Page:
O. C. Beebe was credited with a mission in 1917, even though he didn’t actually leave home and serve. How did this happen?
a. He donated money to the South African mission
b. He is responsible for setting up the general church mission fund
c. He donated 500 cases of Books of Mormon to his native England
d. He paid the mission expenses for five missionaries sent from his ward
D John W. Gunnison
Referring to the September 1851 “runaway” of four government territorial officers assigned to Utah Territory: Although [Lieutenant John W.] Gunnison’s book did not appear until later in the year, he was in Washington when the “runaways” made their report. “I laugh at their being frightened so easily,” Gunnison wrote to his Mormon friend Albert Carrington. “Some Senators have asked my opinion about the matter, & I told them it was a matter of moonshine, fright and homesickness . . . You Know that I was aware of the feeling entertained about the ‘ladies’ man’ [Perry E. Brocchus], and I told them [the Senators] he was not the one to lecture on chastity under that prejudice—All seemed to think the Judges were more scared than hurt.” Gunnison gave no credence to the rumor he was hearing about the Mormons declaring their independence. “That is of course nonsense,” he judged, and hopefully predicted that the coming years might see Utah admitted as a state in the Union, despite its polygamy and “theo-democracy.” Gunnison was comfortable using—and accepting—the Mormons’ description of their unusual political system.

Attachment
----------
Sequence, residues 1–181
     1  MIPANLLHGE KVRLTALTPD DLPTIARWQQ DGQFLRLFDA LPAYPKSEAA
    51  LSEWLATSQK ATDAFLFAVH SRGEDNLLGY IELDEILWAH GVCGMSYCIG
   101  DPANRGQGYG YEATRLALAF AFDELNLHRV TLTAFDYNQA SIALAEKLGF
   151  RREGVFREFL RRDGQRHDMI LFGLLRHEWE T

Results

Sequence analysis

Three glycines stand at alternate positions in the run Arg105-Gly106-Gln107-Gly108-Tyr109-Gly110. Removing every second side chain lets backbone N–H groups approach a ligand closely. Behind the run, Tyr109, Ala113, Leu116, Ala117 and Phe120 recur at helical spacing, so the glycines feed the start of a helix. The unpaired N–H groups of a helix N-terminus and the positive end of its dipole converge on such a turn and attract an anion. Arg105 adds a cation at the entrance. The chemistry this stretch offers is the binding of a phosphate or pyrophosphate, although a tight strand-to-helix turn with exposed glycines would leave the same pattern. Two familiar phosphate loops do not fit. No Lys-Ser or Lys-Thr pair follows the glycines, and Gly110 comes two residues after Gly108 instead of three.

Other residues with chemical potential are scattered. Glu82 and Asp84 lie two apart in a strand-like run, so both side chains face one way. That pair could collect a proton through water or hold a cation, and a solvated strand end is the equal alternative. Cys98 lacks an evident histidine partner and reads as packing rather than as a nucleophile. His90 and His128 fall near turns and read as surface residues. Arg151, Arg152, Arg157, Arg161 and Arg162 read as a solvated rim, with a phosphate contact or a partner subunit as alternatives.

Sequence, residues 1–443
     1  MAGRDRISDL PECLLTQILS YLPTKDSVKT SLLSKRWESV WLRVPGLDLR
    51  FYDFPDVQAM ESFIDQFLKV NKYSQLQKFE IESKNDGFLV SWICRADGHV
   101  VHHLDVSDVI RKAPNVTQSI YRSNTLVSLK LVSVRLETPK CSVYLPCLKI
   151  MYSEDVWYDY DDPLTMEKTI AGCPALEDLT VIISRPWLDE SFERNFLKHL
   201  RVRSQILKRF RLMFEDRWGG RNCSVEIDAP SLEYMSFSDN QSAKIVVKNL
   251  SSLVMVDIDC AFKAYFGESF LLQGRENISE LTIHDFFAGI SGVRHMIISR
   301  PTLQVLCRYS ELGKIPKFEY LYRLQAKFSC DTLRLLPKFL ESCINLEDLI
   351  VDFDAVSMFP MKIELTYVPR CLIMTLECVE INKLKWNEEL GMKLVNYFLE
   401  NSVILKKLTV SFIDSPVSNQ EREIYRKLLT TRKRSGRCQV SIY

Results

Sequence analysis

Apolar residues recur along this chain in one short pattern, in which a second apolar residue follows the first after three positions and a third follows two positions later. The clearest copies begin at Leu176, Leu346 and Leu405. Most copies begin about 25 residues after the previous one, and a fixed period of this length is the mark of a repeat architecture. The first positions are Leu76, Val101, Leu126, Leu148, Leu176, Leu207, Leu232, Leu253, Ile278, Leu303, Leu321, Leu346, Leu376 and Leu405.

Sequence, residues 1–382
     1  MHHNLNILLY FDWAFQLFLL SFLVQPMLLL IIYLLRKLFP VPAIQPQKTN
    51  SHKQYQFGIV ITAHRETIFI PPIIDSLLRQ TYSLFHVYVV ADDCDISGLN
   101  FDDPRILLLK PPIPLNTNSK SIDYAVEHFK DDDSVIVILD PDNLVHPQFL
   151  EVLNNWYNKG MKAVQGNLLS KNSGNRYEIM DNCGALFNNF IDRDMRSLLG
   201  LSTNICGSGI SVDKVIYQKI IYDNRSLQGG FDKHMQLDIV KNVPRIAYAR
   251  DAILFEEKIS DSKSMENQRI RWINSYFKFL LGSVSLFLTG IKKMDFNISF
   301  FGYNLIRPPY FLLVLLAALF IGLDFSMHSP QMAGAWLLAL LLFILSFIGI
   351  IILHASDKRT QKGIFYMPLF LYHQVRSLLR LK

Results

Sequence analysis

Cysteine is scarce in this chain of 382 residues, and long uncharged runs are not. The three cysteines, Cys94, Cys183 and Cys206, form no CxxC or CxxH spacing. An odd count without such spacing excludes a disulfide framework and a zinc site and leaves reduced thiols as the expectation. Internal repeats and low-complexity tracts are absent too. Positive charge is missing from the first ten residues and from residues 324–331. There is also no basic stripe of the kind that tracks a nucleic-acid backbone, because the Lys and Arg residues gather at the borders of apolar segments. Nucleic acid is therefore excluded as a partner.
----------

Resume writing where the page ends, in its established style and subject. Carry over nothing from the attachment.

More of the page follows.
Ronald W. Walker and Matthew J. Grow, The People Are “Hogafeed or Humbugged”: The 1851-52 National Reaction to Utah’s “Runaway” Officers, Journal of Mormon History, Fall 2014, 38.